Sunday, April 3, 2016

Maize storeage shed

We are almost done with this  building s for storing maize cereal after harvest until the price is right. Later it could be a car garage and outside storeage and maybe where chicks are kept.





The process.

Foundation was all stone.  Dry laid except last 30 cm, then a lime sand mortar.  On top of the stone was a 20 cm reinforced concrete beam, which  might  be overkill.


I overlapped the rammed sections.  Since then I have learned to not overlap and go straight up with no bond.  It is going to crack anyway 1/2 the time.
Note the  brick column around the garage door.  This made it easier I thought rather than cutting a board each time .  Also this way the ears of the door are set in the bricks instead of rammed earth.


The electrical boxes posed a problem as the ramming causes them to deform.  So you ram soil in the boxes before installing them.


The plastic water pipe for conduit does deform , because it is round?  my friend Roland says to take them all up instead.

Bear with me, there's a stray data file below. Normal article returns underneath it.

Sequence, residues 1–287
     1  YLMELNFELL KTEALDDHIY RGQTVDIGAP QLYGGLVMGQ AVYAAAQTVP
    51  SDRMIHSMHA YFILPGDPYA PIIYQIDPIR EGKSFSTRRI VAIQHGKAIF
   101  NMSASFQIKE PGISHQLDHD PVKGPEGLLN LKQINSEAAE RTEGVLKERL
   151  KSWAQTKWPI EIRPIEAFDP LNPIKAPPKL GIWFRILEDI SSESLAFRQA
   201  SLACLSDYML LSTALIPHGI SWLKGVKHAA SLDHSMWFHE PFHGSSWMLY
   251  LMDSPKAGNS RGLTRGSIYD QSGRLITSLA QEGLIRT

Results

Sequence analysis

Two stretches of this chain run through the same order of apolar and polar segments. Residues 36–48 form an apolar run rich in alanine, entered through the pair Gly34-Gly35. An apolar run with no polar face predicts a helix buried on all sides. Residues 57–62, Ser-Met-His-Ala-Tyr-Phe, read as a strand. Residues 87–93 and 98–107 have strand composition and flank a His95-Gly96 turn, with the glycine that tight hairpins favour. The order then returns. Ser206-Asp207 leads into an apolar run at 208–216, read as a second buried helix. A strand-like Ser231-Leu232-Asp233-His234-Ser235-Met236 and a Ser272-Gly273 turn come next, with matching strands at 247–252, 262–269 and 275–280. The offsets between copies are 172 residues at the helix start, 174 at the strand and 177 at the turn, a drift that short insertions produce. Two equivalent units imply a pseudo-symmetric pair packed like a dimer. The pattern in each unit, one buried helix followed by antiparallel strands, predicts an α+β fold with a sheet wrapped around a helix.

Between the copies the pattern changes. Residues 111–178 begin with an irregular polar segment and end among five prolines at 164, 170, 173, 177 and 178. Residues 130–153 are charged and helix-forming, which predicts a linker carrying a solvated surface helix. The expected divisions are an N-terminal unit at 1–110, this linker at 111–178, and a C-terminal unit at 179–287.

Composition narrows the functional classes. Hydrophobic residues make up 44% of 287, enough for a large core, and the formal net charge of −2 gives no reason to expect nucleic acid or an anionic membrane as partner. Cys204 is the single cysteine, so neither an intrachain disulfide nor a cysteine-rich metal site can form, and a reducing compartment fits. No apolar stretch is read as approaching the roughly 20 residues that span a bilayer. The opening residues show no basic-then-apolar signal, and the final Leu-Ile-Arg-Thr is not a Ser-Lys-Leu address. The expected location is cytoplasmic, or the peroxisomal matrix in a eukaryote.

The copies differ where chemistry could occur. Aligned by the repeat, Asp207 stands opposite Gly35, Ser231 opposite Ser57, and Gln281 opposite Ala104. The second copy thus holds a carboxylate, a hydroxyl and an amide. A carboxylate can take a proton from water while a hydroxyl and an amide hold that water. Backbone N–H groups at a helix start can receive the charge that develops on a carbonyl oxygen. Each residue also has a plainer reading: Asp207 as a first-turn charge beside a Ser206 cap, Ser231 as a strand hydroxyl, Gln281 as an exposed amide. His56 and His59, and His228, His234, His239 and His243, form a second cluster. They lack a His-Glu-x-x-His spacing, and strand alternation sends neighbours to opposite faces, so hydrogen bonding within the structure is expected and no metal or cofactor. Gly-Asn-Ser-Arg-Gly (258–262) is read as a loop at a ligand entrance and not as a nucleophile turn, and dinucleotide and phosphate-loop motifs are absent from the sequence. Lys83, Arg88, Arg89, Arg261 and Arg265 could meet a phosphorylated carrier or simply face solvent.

These came out nice .  although there is a slight issue you see in the middle.  Need the guys to be more aware of how it will bond on the edge, sweep the top of the previous one, wet it, make sure the cornors are packed good.




On the back wall is a small window where we used boards as end pieces for around the window.  Then a brace to keep it in place. Had some issues with poor quality here.

Note the damp proof course and the notched end pieces.  The bricks below was formwork for the beam.

I used neighborhood boys who are unskilled and untrained.  They made a few mistakes but are catching on.  The need to check and recheck plumb.



Where do i get the soil?  From the trenches of the foundations and from an area I want to build another house with basement.  I learned to keep it covered so to control moisture in the mix.  It is best drier as opposed to wetter.



Reaching lintel height and I start cantilevering bricks to make eaves and form work for a ring beam for the vault to spring off of.  This was done by skilled mason.

 Reclaimed door frame, with arch over it.

 You can see the brick work for ring beam.

The wall came out reasonably well.

Inside showing the wall, arches and the ringbeam brick formwork